Rodgers Forge tower tempest in a teapotRegarding the Oct...

LETTERS

October 27, 1997

Rodgers Forge tower tempest in a teapot

Regarding the Oct. 13 article on the proposal by AT&T to build a cellular phone tower on the grounds of St. Pius X Church, I have to say that my husband and I, who are both longtime residents of Rodgers Forge and parishioners at St. Pius X, are discouraged by the determination of an increasingly large segment of the population to find fault with and oppose everything.

It would appear that AT&T is going out of its way to find an aesthetically pleasing and very costly solution to the appearance issue. In addition, shouldn't ''thousands of studies'' verifying the safety of such a tower be enough?

Finally, Father Tom Golueke is not a pastor who would embark on a ''commercial venture'' without taking the opinions of the community and school into consideration and has always stressed that no decision has yet been made. However, churches need revenue to operate and we feel this is one very viable means of raising capital, as St. Mary's and the Cathedral of Mary our Queen did before us.

If the residents of Rodgers Forge want something about which to be concerned, there are issues which have more far-reaching implications than the proposed cell phone tower.

Pamela T. Prenger

Baltimore

Healthy region allows cooperation

Peter A. Jay's closing remarks in his column ''Regionalism revisited'' (Oct. 9) introduce another important facet, localism, to the discussion of the Greater Baltimore Committee's report, ''One Region, One Future.''

Mr. Jay's remarks leave the reader with the notion that building a sense of regional community means local pride is squashed. Nothing could be further from happening in America, where strong local government is a hallmark and is happily guarded.

Those who think Americans might let go of their hometowns in the building of a regional community need look no further than the recent vote by residents to abolish Miami, Fla., a vote that resoundingly retained the municipality. This strong pro-Miami City vote occurred both in the face of the mismanagement of the city that triggered the vote to begin with and despite the 40-year existence there of a regional federated government.

Most Americans champion local government as a birthright. Civic activity should center not on regional cooperation's suppression of localism, but on the reverse. The long-term health of the individual communities requires that the whole region be healthy, a goal that taps another old-fashioned American standard: neighborly local cooperation.

Patricia S. Atkins

Baltimore

Tree planters haven't given up the ghost

Your report of the death of the Tree-Mendous Maryland program in a Sept. 28 column by Michael Olesker, ''Orlinsky is eager to gear up,'' was somewhat premature.

We are alive, well and thriving in the state Department of Natural Resources. In fact, we ''ghosts'' at DNR and more than 20,000 volunteers planted 850,000 trees this year.

Terry Galloway

Baltimore

The writer is director of the Tree-Mendous Maryland program.

We need one language; it should be English

This letter is in response to the Sept. 17 article ''All names are American, all accents are American'' by Linda R. Monk.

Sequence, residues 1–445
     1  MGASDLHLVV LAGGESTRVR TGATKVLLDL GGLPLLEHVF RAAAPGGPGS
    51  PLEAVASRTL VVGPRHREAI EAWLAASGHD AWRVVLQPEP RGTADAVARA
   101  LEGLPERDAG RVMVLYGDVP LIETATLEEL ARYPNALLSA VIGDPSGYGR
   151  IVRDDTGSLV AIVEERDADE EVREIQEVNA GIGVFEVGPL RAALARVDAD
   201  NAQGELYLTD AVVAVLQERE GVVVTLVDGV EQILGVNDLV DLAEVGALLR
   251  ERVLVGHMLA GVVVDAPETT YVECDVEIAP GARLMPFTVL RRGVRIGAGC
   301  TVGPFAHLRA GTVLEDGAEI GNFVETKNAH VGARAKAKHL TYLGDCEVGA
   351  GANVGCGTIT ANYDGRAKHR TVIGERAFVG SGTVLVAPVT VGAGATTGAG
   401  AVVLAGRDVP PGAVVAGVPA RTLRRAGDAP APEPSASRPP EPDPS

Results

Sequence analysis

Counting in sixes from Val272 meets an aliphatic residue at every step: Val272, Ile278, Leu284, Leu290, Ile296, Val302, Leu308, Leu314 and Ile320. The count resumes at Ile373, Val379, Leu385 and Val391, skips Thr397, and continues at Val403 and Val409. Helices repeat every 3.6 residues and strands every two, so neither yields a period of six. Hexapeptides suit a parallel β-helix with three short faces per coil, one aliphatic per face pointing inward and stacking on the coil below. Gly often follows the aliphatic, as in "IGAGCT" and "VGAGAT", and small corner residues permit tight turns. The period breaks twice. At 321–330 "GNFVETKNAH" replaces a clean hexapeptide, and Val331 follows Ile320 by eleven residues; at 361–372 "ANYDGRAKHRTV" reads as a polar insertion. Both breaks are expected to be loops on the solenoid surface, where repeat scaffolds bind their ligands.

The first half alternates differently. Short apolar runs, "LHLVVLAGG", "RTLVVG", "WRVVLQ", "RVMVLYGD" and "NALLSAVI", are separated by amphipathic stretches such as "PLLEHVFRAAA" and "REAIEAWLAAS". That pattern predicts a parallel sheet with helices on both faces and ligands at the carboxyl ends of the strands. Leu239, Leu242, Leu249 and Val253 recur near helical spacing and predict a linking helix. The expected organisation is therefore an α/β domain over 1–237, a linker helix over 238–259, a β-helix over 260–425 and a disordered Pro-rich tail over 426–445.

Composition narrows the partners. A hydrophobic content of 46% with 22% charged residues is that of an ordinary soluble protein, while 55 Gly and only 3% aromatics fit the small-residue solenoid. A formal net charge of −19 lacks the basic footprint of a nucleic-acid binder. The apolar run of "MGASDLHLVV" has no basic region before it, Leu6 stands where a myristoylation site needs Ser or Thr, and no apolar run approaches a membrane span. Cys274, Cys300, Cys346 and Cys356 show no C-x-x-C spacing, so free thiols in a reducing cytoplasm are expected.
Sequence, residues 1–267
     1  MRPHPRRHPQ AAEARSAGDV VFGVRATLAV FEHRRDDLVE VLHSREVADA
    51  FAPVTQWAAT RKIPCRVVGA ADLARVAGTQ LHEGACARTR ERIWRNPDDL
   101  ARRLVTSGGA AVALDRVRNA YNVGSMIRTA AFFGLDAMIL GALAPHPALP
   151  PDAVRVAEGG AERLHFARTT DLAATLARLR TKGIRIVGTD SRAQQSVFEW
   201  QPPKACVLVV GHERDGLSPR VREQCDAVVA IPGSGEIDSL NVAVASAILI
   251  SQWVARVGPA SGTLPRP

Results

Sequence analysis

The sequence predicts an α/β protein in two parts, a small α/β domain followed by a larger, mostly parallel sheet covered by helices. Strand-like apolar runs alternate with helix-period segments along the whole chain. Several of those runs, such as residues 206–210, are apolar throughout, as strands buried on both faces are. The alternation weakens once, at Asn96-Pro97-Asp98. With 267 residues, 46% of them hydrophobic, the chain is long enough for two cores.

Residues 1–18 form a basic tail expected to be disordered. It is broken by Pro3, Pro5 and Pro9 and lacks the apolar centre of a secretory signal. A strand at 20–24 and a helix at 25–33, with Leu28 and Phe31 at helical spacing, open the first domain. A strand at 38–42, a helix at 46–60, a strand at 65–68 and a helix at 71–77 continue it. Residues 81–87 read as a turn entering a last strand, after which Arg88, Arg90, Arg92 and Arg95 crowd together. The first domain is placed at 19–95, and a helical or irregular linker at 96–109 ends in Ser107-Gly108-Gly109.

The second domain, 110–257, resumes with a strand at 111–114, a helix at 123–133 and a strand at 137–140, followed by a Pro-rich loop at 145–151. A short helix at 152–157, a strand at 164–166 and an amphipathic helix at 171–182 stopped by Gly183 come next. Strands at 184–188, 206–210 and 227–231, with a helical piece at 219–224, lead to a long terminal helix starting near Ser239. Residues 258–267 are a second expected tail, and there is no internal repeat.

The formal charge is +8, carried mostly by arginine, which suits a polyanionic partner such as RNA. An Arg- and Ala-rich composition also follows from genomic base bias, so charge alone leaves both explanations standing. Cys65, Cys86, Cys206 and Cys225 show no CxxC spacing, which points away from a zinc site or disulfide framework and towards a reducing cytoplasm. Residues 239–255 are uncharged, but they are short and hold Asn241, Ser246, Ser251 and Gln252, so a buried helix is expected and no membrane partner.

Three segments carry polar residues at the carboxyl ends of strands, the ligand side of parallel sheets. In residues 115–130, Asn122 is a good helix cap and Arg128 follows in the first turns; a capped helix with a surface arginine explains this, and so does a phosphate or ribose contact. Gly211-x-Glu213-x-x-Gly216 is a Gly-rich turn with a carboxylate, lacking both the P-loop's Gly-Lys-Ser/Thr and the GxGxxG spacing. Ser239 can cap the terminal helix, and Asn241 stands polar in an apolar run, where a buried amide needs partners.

Please repeat after me loudly and clearly: ''English is the de facto language of the United States and should without question, without a doubt, without malice, become the official legal language of this country.''

One only has to journey to the largely Cuban section of Miami to clearly understand the divisiveness that can be caused when English is not the required language. Many Floridians feel alien in their own country. Journey to Canada to understand that, among other things, language is about to tear that country apart.

English is the most common thread that holds this racially and ethnically diverse country together. Can you imagine if the early immigrants had insisted upon maintaining their various languages? What would this country be like with everyone speaking their native languages: German, French, Italian, Spanish, Polish, Chinese and various African languages? The Tower of Babel comes to my mind.

It is beyond my understanding how anyone intelligent could advocate multiple languages. English has become the de facto universal language of business, is required of air traffic controllers in most countries of the world, and much to the chagrin of the French, is spoken in diplomacy.

Let us hope that our lawmakers come to their senses and make haste with passing the necessary legislation to make English the official language of the United States.

Art Hall

Baltimore

Kenwood High deserves a salute

I want to express my deep feeling of pride in Kenwood High School after attending the ceremony when five former students and teachers were inducted into the school's Hall of Fame Oct. 10. It was an experience I shall never forget.

The speeches of inductees -- John Mack Kingsmore, Emily K. Thon, Joe Landa Wenderoth, Stephanie Lynn House and Harry Hunter Wendelstedt Jr. -- were a joy to hear. Sen. Michael J. Collins, a former teacher at Kenwood, was the guest speaker and deserves recognition for his fine work in promoting a new library at Kenwood.

The auditorium was packed to capacity with students. When they were being seated, the din was ear-splitting. However, when the program got started, one could literally hear a pin drop. What a tribute to all of the students and their instructors for this demonstration of pride in what was taking place.

The message to the students from the inductees was that they must take the initiative in deciding what course they should follow when deciding their futures. High school will be a turning point in their lives; they were urged to make the most of it.

All of us in Essex should stand up and salute Kenwood's faculty and students.

Maree F. Oravetz

Baltimore

Pub Date: 10/27/97

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